Here at Little Knellies, we endeavour to share experiences promoting lifelong skills as well as challenging stereotypes of activities that might be more ‘typical’ in an all girls educational setting. As part of our Learner Profile and holistic learning program we support the children to become risk-takers but what does this mean

What is risk?

To many, the word risk immediately makes you think of something that is dangerous or harmful. However, part of living life to the fullest involves risks.

A healthy baby would not learn to sit, crawl or walk without taking risks. Similarly, a child would not learn to negotiate steps or to ride a two wheeled bike without risk taking. These most certainly will not come without accidents and perhaps injury, but as long as we allow them to continue to take these risks, with active encouragement, children will get back up and keep practising until they have achieved their goal.

What happens when we take measured risks?

When we allow children to take risks in a safe way, we allow them to build self confidence, independence, as well as teaching valuable life skills. Children will learn how to self regulate and decide if something is too high, for example when climbing a tree.

Positive encouragement goes a long way in this instance and helps them revisit the task until they have achieved what they set out to do. Putting children in charge of their own actions sends a message to them that we, as adults, trust their judgement and capabilities. Another important fact with allowing children to take measured risks will allow for you to see when or if a child needs some additional guidance or support.

Taking a measured risk

Here at Little Knellies, we believe in the importance of taking measured risks, whilst teaching the children how to be safe.

From Nursery, the children are invited to take part in wood work activities at our workbench. They use real tools, including a sharp Japanese saw, hammers, a hand drill, nails and screws- to name but a few. This really opens up their young minds and gives them the freedom to experiment and explore with real tools, which perhaps they have only seen adults use up to now.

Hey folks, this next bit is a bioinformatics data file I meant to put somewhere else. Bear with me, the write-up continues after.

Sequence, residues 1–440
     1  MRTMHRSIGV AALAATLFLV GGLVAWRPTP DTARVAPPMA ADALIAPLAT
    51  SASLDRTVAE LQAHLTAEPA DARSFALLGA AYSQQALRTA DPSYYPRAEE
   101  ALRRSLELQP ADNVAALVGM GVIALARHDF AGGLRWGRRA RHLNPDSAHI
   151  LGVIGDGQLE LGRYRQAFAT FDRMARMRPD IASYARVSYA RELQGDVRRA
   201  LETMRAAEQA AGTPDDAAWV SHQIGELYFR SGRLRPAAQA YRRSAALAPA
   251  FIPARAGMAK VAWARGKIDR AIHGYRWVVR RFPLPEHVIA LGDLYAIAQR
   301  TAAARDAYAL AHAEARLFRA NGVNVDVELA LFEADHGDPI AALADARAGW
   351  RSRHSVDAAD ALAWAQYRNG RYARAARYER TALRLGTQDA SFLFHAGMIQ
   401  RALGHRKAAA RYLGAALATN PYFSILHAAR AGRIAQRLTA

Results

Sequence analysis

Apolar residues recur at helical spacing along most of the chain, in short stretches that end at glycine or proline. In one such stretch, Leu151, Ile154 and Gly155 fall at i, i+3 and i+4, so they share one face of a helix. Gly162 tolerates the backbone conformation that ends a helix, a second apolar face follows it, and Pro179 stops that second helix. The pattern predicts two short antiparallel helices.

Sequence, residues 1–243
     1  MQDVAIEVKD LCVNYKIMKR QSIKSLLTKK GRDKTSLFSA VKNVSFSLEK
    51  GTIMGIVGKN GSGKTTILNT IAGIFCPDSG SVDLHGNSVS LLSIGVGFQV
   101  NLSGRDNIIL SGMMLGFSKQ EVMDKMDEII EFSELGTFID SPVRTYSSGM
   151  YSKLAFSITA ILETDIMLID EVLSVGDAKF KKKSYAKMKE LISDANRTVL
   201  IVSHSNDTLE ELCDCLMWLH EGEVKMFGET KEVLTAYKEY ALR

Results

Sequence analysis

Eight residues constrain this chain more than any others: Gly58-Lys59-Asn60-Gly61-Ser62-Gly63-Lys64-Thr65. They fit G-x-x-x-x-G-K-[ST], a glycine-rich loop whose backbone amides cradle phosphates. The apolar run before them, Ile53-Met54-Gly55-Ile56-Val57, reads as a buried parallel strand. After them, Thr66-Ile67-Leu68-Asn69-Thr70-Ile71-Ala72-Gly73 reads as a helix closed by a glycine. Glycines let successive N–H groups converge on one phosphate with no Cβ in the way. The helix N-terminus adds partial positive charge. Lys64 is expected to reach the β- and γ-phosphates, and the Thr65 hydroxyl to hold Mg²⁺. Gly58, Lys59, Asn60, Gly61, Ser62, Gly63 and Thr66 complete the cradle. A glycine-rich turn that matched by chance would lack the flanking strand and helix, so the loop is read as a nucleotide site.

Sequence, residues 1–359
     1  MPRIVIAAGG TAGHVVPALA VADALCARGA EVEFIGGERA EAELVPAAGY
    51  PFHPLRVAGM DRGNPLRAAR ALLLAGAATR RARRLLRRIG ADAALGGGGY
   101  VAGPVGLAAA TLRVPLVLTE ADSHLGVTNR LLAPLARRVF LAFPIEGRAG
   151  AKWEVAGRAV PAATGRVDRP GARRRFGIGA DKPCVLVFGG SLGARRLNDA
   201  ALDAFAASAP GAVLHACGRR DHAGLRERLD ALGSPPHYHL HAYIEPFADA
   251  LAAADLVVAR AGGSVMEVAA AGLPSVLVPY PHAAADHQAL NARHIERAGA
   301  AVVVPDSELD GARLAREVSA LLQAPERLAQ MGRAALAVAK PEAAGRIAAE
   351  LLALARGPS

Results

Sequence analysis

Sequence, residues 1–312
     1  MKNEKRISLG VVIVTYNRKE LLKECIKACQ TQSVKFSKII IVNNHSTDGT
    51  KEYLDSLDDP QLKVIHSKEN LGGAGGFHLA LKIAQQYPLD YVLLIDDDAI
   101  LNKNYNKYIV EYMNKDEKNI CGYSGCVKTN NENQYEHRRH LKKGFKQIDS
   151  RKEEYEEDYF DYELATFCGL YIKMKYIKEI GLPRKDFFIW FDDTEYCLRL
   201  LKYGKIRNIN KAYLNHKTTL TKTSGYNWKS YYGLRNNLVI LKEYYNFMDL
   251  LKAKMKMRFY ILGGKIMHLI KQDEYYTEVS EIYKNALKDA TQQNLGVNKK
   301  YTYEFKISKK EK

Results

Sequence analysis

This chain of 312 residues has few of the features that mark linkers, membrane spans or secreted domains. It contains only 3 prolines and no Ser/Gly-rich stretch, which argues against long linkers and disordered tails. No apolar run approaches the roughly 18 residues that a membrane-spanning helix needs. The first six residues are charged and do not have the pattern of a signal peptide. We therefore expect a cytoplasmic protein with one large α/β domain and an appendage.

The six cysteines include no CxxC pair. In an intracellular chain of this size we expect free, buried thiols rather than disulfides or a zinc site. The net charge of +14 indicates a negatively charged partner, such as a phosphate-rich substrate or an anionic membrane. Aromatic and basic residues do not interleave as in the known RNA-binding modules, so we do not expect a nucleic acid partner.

One child (aged 4) recently made a train and whilst initially telling me she was not going to use that saw as it looked “dangerous”, with a few further words of encouragement and reiteration of safety rules, she decided to take that ‘measured risk’. She followed this with “I can’t believe I used that, I am so proud of myself!”. When she had finished her mini project she evaluated the session by saying “Do you know, at the beginning I didn’t think I could do wood work and use tools, but I can, I really can!”

Another example of measured risk taking involves the use of our large scale play equipment in the garden. The children have access to raw wooden planks and logs. They know how to move these around safely for use during their play. We have climbing cubes of differing sizes which they enjoy jumping from. A favourite game is placing a plank between cubes to walk along, whilst another is balanced up against the tallest cube. The children love to climb this and or slide down. The beauty for us practitioners is seeing them work as a team, which builds upon communication and negotiating skills as well as turn taking and enhances a great imagination!

We are so proud of how the children in Little Knellies are encouraged to partake in and embrace risks, and all the learning that will occur as a result of this.